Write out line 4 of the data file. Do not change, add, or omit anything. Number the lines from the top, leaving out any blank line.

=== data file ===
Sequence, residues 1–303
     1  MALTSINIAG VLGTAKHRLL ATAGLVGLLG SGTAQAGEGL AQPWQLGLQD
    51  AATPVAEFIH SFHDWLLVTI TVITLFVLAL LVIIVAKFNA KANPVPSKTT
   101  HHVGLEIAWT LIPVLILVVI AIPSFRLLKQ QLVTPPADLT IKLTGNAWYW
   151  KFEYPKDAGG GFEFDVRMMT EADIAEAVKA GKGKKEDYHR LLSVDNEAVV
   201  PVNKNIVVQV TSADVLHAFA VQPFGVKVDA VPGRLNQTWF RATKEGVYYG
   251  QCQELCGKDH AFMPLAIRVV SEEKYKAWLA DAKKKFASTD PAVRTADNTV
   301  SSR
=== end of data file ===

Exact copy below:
   101  HHVGLEIAWT LIPVLILVVI AIPSFRLLKQ QLVTPPADLT IKLTGNAWYW